A Marine Corps helicopter door gunner in Vietnam, Maurice Buff, said the Veterans Treatment Court judge at the Stand Down was very fair dealing with his court costs and fines.

There’s a military tradition called a “Stand Down.” It’s when soldiers get a temporary break from combat for a shower, hot meal and peaceful night’s sleep.

Recently, Pasco County held a Stand Down for veterans in our community who are fighting a different kind of battle with homelessness, substance abuse or mental health issues.

This is the fourth year One Community Now (OCN), a group of local churches, sponsored the event according to Mary Miller, a member of the OCN Stand Down Core Team and St. Thomas Aquinas Catholic Church in Pasco County.

Army veteran Ira James Holt, who served in Operation Iraqi Freedom, gets a free haircut from a Great Clips volunteer.

Army veteran Ira James Holt, who served in Operation Iraqi Freedom, gets a free haircut from a Great Clips volunteer.

What started as a one-day event to connect homeless veterans has grown into three days with 500 volunteers from the community at Veterans Memorial Park in Hudson.

“This is the first year we have two dental buses,” Miller said, adding that the dentists and dental hygienists were kept busy with extractions and teeth cleaning.

Portable hot showers were set up next to the concession stand where veterans could get a free haircut.

A donations tent where homeless veterans could shop for free clothing, shoes and food was set up on one ballfield next to the tent housing the temporary Pasco Veterans Treatment Court.

Pasco Circuit Judge Shawn Crane brought the Veterans Treatment Court to the Stand Down to assist veterans with pending cases.

Pasco Circuit Judge Shawn Crane brought the Veterans Treatment Court to the Stand Down to assist veterans with pending cases.

That’s where Sixth Circuit Judge Shawn Crane presided over 52 cases handling issues like overdue fines and court fees and suspended drivers’ licenses.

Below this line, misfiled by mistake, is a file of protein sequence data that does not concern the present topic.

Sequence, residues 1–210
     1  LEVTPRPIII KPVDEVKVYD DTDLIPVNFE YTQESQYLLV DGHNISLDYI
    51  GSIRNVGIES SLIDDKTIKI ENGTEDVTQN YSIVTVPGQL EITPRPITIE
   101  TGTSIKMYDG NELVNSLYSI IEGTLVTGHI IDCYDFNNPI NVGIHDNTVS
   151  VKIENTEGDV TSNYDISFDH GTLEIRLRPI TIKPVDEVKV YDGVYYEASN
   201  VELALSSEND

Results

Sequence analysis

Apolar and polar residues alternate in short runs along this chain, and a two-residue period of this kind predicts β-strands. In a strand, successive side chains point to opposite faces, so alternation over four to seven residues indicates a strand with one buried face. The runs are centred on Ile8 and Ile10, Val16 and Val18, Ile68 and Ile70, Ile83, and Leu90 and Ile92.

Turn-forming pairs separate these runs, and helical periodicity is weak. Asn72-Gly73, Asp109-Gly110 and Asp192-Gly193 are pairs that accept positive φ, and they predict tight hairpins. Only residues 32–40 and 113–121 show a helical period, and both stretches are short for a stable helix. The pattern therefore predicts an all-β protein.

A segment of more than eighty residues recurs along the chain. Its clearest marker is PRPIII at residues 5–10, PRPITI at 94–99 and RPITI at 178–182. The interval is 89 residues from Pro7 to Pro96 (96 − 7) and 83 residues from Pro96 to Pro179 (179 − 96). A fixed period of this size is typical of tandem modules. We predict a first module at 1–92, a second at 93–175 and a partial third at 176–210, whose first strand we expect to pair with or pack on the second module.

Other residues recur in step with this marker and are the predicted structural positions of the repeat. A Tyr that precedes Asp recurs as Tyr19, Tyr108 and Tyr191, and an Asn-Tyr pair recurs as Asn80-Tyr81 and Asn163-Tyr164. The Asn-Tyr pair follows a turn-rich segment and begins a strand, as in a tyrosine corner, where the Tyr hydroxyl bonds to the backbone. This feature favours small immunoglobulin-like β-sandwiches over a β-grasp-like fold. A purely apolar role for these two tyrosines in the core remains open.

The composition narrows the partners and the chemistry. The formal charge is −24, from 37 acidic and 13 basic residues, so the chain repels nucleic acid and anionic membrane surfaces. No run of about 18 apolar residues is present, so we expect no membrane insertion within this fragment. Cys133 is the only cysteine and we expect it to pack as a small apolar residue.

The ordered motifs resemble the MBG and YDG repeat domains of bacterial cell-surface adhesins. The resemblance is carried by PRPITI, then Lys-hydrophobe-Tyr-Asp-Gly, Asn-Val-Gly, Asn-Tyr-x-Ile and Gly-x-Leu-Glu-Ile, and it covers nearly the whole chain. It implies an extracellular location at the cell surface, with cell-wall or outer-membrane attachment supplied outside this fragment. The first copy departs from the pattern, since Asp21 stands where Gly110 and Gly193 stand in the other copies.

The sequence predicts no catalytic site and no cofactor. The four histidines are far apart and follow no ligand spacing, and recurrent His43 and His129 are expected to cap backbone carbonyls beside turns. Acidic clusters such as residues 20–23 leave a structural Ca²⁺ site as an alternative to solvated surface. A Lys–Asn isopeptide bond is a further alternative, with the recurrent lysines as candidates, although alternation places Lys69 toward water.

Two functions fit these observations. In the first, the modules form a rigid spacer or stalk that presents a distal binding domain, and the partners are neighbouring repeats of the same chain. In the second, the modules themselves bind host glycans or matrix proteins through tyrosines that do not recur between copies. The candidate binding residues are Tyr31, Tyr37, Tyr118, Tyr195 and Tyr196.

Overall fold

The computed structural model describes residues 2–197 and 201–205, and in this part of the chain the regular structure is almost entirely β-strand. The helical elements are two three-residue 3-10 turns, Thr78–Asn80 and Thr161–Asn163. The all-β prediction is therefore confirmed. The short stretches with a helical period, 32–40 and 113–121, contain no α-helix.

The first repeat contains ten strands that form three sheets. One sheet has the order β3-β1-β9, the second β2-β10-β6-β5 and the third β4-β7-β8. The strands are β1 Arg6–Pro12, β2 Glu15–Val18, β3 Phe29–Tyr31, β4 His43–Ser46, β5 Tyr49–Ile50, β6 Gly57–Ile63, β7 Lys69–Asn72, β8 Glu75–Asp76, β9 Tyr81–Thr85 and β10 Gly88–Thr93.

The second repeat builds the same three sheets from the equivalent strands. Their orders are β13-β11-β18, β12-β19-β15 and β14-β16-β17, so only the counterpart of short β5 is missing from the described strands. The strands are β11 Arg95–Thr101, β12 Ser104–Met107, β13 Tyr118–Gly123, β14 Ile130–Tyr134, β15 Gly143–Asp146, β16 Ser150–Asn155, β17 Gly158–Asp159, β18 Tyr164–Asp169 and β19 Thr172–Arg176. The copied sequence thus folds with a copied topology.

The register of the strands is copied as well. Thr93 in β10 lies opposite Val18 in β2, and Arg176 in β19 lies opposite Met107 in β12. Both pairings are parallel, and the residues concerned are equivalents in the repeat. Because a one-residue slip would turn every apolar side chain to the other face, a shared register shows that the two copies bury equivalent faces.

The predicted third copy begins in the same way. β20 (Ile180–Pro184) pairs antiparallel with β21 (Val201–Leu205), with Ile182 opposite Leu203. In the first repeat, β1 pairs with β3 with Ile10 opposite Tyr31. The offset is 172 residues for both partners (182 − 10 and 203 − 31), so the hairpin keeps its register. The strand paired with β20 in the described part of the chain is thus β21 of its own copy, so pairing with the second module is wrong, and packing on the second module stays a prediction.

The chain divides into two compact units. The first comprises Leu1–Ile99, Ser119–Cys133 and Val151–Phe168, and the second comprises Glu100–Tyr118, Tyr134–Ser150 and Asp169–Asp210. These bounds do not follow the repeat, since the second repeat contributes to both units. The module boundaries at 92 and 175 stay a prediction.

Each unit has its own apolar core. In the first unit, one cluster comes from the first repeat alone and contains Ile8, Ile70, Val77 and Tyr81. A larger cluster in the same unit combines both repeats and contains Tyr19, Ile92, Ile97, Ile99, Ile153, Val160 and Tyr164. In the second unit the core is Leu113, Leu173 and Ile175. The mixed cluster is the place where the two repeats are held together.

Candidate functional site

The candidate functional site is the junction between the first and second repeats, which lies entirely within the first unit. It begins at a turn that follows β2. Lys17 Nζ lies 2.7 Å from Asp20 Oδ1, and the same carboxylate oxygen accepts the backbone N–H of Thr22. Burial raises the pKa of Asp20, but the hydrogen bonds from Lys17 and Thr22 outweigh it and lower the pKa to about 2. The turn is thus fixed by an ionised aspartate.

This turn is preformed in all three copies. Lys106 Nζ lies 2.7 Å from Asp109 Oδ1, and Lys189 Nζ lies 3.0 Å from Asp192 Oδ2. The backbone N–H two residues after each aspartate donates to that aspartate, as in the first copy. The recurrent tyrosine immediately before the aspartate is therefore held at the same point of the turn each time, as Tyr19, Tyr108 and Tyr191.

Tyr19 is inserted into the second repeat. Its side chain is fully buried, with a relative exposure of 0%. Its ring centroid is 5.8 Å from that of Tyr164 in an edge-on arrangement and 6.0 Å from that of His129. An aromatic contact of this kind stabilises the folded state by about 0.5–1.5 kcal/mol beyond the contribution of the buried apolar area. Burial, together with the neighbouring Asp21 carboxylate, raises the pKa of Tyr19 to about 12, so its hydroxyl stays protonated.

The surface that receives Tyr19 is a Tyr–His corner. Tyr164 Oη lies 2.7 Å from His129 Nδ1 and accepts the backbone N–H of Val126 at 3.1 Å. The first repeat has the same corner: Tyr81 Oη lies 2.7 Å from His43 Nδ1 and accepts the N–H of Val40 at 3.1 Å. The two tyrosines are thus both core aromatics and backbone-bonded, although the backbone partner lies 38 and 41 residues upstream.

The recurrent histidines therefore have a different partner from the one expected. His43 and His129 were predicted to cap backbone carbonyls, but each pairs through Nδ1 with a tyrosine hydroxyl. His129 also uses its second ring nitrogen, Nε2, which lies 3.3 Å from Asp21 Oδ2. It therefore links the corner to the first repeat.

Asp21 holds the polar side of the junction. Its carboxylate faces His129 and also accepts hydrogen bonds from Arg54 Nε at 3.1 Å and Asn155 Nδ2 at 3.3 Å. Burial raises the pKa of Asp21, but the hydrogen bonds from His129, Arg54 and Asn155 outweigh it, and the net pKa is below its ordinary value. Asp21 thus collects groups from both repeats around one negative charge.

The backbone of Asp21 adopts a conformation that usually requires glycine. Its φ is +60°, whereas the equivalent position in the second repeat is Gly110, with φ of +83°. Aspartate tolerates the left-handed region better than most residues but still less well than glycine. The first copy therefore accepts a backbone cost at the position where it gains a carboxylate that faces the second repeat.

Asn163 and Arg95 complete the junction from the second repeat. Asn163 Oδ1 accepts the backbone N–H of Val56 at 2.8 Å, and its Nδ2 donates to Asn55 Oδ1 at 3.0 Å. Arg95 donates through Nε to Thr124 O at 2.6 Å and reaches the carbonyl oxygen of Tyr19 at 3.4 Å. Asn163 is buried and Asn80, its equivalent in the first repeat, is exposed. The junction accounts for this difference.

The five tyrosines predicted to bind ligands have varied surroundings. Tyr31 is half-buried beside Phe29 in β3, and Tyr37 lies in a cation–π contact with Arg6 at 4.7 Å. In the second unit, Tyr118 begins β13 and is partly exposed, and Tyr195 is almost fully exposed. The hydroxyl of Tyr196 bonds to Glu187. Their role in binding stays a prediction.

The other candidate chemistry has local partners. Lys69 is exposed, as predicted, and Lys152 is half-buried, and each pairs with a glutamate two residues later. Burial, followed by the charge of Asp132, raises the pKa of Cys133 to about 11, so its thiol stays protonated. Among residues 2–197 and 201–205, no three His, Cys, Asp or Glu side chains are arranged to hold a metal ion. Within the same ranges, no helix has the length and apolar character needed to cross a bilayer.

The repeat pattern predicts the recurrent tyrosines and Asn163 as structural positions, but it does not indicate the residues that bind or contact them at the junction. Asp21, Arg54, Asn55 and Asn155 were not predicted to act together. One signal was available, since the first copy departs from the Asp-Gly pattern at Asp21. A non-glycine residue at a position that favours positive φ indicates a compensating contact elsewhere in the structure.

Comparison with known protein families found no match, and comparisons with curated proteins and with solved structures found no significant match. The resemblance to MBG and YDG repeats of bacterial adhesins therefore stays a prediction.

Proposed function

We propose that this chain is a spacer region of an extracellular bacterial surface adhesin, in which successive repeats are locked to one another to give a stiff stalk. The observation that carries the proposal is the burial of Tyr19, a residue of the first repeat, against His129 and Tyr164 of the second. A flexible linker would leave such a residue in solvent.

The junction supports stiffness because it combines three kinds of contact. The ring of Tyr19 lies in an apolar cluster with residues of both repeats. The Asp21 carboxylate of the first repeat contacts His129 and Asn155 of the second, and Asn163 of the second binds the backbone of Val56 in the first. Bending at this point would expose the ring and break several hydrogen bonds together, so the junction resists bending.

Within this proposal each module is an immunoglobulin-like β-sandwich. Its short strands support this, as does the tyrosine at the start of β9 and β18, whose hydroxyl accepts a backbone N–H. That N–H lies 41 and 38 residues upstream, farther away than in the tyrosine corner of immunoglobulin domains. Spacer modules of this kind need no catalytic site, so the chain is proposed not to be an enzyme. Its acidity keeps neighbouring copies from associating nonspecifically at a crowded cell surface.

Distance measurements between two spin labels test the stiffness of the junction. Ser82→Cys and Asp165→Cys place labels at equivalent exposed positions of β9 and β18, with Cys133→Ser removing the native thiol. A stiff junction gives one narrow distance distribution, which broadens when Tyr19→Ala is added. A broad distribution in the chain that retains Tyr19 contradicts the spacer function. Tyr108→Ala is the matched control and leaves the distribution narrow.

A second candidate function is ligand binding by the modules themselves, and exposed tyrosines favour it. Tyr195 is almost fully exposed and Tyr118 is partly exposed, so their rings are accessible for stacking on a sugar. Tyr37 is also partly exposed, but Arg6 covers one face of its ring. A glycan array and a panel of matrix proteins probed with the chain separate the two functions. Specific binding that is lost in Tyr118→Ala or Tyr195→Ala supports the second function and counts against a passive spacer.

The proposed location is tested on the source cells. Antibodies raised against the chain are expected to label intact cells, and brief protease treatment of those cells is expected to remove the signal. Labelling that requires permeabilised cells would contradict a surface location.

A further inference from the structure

“Things we take for granted and probably shouldn’t, they are very important for folks homeless or veterans,” Crane said. “We have to understand and appreciate the sacrifices our veterans have made for our country and appreciate some of the things they come back with.”

Crane helped Vietnam veteran Maurice Buff with his legal problems.

“The judge was very fair to me,” Buff said.  “I figured if I got my fines and court costs taken care of I’d be able to get my license back and be able to support myself.”

He landed in Pasco county jail after a dispute with his long-time girlfriend. When he got out, all his possessions were gone and he was homeless.

“I’m a proud person, but I actually went to St. Vincent DePaul Veterans Department and they’re helping me find a home,” Buff said.

He was one of 181 homeless or at risk veterans at Pasco’s 2015 Stand Down. That’s 60 more veterans than in 2013.

Foxtrot, Echo, Delta, Charlie were the tent names for the Stand Down sleeping quarters.

Foxtrot, Echo, Delta, Charlie were the tent names for the Stand Down sleeping quarters.

Florida Veterans Courts Grow Despite Little State Funding

Hillsborough Circuit Judge Greg Holder with a graduate from Veterans Treatment Court in August.

Hillsborough Circuit Judge Greg Holder with a graduate from Veterans Treatment Court in August.